Watch the Money-Go-Round
Leading campaigners for CCTV in care homes are millionaire care industry veterans who run a commercial enterprise which supplies er...CCTV for care homes.
Take a look at today’s Mail on Sunday, written by OLM’s Sarah Whitebloom: http://www.thisismoney.co.uk/money/markets/article-5642461/Southern-Cross-duo-turn-sights-CCTV-care-homes.html
Philip Scott and Graham Sizer run Care Protect, which is one of the country’s leading proponents of cameras in care. There is nothing wrong with that, of course, even if they could make a lot of money out of cameras becoming mandatory or a regular feature in homes.
But there is nothing wrong either with mentioning that Care Protect is a commercial organisation – run by people who have already made a very great deal of money out of the care industry. Scott and Sizer both made millions as directors of Southern Cross, although they left the now-defunct group years before it collapsed and had no role in that episode.
However, furious individuals, who are clearly keen supporters of Scott and Sizer, have reacted angrily to the story online. They basically suggest that it is illegitimate to mention that the pair have a significant financial stake in cameras being placed in care homes and that they have already made a lot of money out of the care industry. To quote Mandy Rice-Davies: 'They would say that wouldn't they.'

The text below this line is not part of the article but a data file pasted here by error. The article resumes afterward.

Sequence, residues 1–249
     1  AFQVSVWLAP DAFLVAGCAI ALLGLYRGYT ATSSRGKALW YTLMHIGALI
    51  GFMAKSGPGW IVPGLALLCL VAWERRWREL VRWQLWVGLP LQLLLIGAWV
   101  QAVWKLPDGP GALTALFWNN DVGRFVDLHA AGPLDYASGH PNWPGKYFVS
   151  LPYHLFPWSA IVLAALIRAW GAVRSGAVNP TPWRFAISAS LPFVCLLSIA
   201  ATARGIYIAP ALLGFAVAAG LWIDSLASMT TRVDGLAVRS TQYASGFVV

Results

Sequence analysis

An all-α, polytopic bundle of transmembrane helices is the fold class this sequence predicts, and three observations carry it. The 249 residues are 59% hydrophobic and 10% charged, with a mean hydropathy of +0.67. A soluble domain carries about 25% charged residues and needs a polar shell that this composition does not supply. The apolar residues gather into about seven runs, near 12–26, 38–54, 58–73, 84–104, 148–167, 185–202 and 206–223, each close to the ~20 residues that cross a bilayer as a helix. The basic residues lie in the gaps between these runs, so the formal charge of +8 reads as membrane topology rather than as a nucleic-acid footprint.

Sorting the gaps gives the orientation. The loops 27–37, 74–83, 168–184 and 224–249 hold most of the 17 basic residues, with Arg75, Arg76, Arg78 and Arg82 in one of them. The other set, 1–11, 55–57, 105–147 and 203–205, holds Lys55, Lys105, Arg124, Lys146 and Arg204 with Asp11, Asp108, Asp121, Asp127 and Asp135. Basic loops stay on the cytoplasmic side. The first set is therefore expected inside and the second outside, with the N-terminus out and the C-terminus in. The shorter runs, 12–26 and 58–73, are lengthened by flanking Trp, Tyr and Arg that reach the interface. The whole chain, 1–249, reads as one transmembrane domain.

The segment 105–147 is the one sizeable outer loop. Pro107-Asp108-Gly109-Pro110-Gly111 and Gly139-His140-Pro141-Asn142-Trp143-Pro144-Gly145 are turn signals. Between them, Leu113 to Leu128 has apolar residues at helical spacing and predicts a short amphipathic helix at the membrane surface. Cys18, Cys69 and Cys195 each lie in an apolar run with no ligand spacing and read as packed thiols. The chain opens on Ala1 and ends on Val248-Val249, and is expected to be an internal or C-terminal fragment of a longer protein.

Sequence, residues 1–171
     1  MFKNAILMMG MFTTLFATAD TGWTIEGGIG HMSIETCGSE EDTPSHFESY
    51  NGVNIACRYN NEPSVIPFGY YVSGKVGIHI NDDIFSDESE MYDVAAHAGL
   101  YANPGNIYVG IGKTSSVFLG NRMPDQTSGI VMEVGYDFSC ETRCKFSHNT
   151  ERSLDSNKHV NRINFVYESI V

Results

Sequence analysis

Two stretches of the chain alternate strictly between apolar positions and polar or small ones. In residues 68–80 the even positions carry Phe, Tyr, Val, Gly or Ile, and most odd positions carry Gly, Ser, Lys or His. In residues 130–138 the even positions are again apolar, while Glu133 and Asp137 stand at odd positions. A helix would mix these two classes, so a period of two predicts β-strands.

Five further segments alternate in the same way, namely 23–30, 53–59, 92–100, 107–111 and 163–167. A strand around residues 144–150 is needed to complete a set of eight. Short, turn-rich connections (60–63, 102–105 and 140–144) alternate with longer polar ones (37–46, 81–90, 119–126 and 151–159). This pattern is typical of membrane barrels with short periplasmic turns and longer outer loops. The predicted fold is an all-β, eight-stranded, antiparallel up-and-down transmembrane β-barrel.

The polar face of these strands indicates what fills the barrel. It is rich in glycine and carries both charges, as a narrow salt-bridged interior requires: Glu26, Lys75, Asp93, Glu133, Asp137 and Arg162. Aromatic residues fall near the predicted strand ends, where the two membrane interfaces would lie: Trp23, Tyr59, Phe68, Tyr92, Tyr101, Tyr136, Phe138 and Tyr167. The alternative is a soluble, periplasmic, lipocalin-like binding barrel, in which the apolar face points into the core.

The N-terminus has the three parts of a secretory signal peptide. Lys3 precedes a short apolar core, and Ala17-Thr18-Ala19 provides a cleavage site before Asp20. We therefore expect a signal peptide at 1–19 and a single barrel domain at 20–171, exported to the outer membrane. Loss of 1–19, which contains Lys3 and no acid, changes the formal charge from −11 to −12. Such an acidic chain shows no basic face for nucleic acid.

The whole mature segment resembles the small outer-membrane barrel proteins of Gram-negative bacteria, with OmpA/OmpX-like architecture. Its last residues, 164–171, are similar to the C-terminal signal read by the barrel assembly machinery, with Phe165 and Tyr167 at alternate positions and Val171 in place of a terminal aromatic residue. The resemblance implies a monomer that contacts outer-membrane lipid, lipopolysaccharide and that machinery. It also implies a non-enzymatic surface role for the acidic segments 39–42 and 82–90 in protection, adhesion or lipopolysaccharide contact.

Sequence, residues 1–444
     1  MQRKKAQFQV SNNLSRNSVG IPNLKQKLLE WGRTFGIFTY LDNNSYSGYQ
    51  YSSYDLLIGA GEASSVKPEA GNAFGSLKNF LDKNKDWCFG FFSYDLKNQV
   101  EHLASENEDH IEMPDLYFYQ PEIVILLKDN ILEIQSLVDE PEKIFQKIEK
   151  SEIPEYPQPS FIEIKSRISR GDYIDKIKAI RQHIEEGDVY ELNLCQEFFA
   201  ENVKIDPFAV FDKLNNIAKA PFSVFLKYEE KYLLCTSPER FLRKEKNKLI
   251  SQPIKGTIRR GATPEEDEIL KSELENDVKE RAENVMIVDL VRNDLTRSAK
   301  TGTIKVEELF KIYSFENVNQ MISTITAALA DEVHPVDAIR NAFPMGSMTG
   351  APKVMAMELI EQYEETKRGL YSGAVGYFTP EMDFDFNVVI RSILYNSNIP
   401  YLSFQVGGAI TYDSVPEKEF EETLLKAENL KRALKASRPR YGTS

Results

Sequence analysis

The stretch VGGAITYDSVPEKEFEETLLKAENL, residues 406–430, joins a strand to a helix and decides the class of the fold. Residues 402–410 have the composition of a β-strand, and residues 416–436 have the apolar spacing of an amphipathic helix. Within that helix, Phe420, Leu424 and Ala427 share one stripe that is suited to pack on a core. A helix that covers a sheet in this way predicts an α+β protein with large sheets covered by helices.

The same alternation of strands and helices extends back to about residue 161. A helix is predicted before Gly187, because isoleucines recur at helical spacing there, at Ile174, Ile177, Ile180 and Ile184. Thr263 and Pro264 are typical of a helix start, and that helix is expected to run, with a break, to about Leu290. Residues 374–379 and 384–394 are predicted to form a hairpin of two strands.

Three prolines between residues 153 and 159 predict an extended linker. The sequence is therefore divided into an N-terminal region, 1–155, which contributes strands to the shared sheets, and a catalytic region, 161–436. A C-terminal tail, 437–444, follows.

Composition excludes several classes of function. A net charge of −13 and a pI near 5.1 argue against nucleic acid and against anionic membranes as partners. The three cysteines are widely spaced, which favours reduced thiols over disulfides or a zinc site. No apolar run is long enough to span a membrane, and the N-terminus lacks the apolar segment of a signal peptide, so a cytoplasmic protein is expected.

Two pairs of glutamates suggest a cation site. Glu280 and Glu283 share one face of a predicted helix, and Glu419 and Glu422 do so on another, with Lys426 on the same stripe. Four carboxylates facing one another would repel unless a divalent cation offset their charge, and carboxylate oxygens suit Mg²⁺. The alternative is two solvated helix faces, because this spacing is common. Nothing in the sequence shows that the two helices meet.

To pretend that it is irrelevant, is bizarre and a distraction from the fact that Care Protect has frequently been opaque about its campaign.
For instance, as was mentioned in the Mail on Sunday, the company has often used as an example of how fantastic cameras are, a care home owned by, you’ve guess it, Scott and Sizer through the Zest homes group.
Regular internet posts about Bramley Court in Birmingham have been put on Care Protect’s twitter page – without mentioning that the home is owned by the pair. And Care Protect has even regularly quoted, as a leading authority on cameras, the manager of the care home – who is, of course, an employee of Scott and Sizer.
There is no mention, either, of the fact that the Northern Ireland care regulator has twice expressed concerns about the use of CCTV in one of Zest’s care homes in the province.
The regulator has twice recently inspected the group’s Three Rivers facility in Omagh. After last September’s inspection, the Regulation and Quality Improvement Agency raised issues over privacy and also stated: ’A review of the policy on the use of CCTV in the home included reference to sharing footage with RQIA. This statement is inaccurate and should be removed from the policy. Given that the use of CCTV does not comply with RQIA guidance the policy should be reviewed.’
The latest report in January highlighted six areas for improvement, including one relating to the use of CCTV.